Sunday, May 12, 2019


Director: Adam McKay
Starring: Christian Bale, Amy Adams, Steve Carell, Sam Rockwell, Tyler Perry, Alison Pill, Lily Rabe, Jesse Plemons, Justin Kirk, Shea Whigham
Running Time: 132 min.
Rating: R

★★★ (out of ★★★★)

Whenever a biopic is released on a controversial public figure from either past or present, our favorite conversation is restarted about how fair and accurate the treatment of said subject will be. Strangely enough, the more polarizing they are, the higher standard the filmmakers seem to be held to. Will it be a hatchet job or an overly sympathetic portrayal that humanizes their irredeemable actions? Maybe a balanced mix of both? Depending upon who you ask, Steve Jobs was either vilified as a soulless monster in Danny Boyle's Jobs or was let off the hook too easily. Mark Zuckerberg was a meglomaniacal antisocial parasite in The Social Network, or if you prefer, simply a shy, ambitious genius who developed a web site to impress a girl. Oliver Stone's W., signaled what many believed was the neutering of a once great filmmaker who failed to go for the jugular in depicting a ripe for skewering Bush 43 as he exited office. Now, writer/director Adam McKay makes up for that with Vice, a movie unlikely to spark any of those conversations since he leaves so little room for debate about how Bush's V.P., Dick Cheney, should be viewed.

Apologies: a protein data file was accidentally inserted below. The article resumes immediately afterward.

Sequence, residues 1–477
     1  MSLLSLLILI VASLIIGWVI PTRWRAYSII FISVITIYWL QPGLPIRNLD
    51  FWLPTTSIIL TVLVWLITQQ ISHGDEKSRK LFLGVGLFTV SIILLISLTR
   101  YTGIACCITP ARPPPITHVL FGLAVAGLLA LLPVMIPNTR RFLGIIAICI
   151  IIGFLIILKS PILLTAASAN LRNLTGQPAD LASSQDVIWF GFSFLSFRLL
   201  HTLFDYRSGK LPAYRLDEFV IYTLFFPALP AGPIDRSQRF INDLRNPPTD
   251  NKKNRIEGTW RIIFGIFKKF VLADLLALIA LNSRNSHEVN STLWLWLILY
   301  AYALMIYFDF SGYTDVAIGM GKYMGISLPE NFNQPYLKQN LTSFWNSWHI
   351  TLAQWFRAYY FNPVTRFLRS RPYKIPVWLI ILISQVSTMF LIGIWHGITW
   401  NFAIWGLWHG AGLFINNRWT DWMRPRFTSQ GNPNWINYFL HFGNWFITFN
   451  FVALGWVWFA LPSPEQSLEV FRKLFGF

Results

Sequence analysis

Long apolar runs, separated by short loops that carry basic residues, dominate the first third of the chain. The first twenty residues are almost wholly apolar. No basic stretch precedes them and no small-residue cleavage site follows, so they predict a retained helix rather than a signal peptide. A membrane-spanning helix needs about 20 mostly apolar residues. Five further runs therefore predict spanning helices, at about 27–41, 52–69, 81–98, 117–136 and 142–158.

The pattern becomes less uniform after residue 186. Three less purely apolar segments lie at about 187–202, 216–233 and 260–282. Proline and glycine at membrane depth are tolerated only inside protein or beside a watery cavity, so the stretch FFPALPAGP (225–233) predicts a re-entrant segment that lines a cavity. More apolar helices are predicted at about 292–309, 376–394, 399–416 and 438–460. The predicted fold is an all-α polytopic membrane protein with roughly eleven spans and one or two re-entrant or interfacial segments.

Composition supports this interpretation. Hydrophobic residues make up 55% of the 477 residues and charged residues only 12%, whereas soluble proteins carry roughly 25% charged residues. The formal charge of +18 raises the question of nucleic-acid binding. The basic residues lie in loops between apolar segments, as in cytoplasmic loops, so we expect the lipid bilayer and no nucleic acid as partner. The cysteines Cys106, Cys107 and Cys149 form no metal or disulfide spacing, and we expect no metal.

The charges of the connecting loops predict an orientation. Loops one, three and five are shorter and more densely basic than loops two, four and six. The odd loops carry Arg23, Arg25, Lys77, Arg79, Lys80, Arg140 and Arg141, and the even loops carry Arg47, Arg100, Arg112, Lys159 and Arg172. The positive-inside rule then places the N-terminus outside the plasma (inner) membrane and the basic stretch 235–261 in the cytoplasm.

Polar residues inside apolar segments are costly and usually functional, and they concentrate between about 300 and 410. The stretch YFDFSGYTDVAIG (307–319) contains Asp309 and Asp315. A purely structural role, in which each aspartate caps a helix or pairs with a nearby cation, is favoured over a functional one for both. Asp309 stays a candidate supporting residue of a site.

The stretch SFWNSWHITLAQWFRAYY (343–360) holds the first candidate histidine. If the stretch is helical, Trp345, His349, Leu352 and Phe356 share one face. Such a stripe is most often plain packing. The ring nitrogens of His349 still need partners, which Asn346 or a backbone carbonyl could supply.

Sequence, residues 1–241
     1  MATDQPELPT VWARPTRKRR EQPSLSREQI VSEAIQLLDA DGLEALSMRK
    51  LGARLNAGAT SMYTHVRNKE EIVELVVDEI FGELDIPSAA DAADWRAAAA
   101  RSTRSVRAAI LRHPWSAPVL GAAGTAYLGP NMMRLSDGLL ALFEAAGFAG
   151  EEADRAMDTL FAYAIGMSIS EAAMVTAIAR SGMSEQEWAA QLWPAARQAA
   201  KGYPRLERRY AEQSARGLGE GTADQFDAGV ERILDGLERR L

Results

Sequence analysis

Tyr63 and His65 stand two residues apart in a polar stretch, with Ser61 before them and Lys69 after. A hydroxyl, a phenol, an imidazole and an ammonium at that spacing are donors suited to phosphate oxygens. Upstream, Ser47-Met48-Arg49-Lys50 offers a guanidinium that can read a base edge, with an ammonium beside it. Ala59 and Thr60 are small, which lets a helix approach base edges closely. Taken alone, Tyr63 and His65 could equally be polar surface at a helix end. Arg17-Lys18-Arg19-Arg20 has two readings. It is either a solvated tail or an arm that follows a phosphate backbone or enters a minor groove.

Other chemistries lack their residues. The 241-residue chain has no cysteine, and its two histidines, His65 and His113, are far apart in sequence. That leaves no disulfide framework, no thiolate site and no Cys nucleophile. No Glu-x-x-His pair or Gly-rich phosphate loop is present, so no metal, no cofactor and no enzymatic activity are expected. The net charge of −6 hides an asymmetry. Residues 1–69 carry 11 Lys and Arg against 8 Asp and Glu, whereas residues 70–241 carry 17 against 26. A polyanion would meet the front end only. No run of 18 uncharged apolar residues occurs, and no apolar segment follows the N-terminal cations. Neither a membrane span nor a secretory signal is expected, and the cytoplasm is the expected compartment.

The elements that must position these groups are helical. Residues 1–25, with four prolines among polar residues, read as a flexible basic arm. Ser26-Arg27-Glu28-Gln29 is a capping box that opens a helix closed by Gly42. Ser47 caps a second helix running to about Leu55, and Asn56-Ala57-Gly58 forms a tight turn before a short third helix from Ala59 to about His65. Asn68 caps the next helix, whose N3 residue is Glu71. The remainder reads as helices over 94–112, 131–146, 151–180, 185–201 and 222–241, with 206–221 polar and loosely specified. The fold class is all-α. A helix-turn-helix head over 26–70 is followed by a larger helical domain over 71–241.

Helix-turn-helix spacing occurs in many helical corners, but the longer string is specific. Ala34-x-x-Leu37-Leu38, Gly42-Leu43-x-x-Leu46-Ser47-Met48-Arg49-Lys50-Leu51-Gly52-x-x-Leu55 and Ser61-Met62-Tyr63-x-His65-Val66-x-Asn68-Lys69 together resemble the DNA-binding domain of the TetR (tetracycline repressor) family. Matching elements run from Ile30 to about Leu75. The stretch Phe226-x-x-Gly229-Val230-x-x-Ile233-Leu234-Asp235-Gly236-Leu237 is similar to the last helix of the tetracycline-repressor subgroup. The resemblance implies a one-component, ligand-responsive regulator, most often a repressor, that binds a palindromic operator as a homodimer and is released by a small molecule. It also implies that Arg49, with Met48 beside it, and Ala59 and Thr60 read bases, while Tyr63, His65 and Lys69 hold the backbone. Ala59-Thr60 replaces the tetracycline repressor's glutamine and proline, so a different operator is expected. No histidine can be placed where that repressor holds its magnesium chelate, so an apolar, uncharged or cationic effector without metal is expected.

On an evilness scale, Vice's rendering of Cheney lands somewhere between Hitler and Darth Vader, with a little Grinch thrown in for good measure. Without holding back, McKay unloads on his target with a contempt only momentarily tempered by his excursions into satiric silliness that end up making Cheney look that much worse by mocking him. And like his simarly topical The Big Short, it's done in trademark McKay style, jumping back and forth through time, breaking the third wall, and telling as much as it's showing. From a cinematic standpoint, it's a total mess, with a few endings too many and a tendency to treat its audience like simpletons.

For those who already despise Cheney, this preaches to the choir, even if those on the fence will gladly jump on the bandwagon once they get the film's take on what he's done. His supporters will be fuming, citing it as the latest example of the Hollywood liberal elite run amok. And they're not necessarily wrong, since this is about as one-sided an attack as it gets. But boy is it entertaining, taking risks few political dramas or comedies have attempted, much less gotten away with. It doesn't all connect, but when it does, it's pretty vicious. 

Pinning down exactly when the story of Dick Cheney (Christian Bale) begins and ends is no easy task, but it speaks volumes that one of the the first glimpses we get of the future Vice President is as a young man drunkenly stumbling out of his car after being pulled over by Wyoming police in 1963. The journey that takes him from that moment to the brief opening scene of him responding to the 9/11 attacks can be traced back to his relationship with power-hungry wife, Lynn (Amy Adams), the mastermind behind his eventual ascent.